Pica

02
  • Environment and Geography

    This culture, also known as the Pica–Tarapacá, occupied the desert in northern Chile between the Camiña valley and the mouth of the Loa River. This region is famous for the Pampa del Tamarugal, a region of native tamarugo forest that offers shade to travelers, wood for building and craftwork, and fruit and nuts for human and animal consumption.

  • Economy

    The Pica lived in farming communities in inland valleys and oases, complementing the produce they grew with those from the higher altitudes of the sierra and Altiplano. They constructed irrigation works and farming terraces to grow maize and quinoa, taking advantage of the water that flowed down their ravines from the high mountains after the summer rains. They also gathered the fruit of the algarrobo and tamarugo trees and hunted wild animals. From the ocean they obtained marine resources, establishing small settlements on the coast close to freshwater sources. They moved goods to and from these different zones by llama caravans that traversed the desert and foothill regions.

  • Art

    The Pica people are perhaps most well known for their geoglyphs, but they also produced notable examples of rock art, leaving behind engraved boulders (petroglyphs) at many sites. The images they engraved depict significant aspects of the Pica’s domestic and ceremonial lives, and include animals, anthropomorphic figures and geometric shapes. The typical Pica ceramic style is red-washed monochromatic and decorated with appliqués of molded anthropomorphic and zoomorphic figures. Pica textiles were multicolored and included bulky mantas and unku tunics. These groups were also skilled in leathercraft, making bodices and quivers, and in basketmaking.

  • Social Organization

    The Pica lived in entities similar to chiefdoms, with a relatively complex hierarchy and authorities that organized the work force within a circumscribed territory. The smallest social units were based on kinship as well as reciprocity and redistribution among leaders, who also maintained ties with other groups of this ethnicity. Social distinctions within units were based on status and expertise in certain activities.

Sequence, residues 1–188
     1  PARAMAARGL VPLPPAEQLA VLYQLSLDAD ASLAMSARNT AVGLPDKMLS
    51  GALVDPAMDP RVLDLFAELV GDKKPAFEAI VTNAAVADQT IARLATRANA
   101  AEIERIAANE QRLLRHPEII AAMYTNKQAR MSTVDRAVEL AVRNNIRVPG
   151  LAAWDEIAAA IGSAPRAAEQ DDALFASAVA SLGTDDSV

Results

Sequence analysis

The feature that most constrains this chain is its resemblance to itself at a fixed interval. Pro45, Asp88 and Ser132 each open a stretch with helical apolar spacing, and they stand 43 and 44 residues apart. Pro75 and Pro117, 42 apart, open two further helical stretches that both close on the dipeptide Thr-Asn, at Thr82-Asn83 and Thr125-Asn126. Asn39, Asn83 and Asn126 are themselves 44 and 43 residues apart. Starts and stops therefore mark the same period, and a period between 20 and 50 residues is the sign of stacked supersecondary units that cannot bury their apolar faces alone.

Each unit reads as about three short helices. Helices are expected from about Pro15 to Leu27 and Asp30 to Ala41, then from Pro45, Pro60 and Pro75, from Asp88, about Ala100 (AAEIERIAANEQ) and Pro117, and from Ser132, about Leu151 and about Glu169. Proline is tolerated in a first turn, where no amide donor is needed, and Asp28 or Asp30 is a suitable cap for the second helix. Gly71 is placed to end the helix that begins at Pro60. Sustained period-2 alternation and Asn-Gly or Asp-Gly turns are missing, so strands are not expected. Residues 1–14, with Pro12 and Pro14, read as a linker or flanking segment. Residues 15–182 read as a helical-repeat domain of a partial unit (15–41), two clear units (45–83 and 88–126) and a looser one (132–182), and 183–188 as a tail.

• Beliefs and Funeral Rites

    The Pica people buried their dead in cemeteries, inside casket-like tombs that usually held a single individual. A few graves have been found with several people buried together who may have held a special status within the group.

  • Settlement Pattern

    Their settlements were usually established in inland ravines and oases, on high ground beside freshwater springs and at altitudes of 1000–1200 meters. Their farm fields were located nearby. One of the most outstanding Pica sites identified to date is the village of San Lorenzo de Tarapacá, which contains a large number of enclosures built close together, with paths resembling roads running between them. This village was built at the peak of the Pica culture, and was probably the “headquarters” of this society. Caserones is another major site, also located in the Tarapacá ravine, that consists of numerous rectangular structures enclosed by a defensive wall.

  • History

    The Pica culture flourished during the Late Intermediate period, also known as the Regional Development period. Building on routes established through their relations with the Tiwanaku Empire in the previous period, the Pica culture developed major trade routes that allowed them to maintain ties with the San Pedro de Atacama and Altiplano Meridional (southern Altiplano) cultures, and even with groups as far away as northwest Argentina. They were later subsumed by the Inka Empire.

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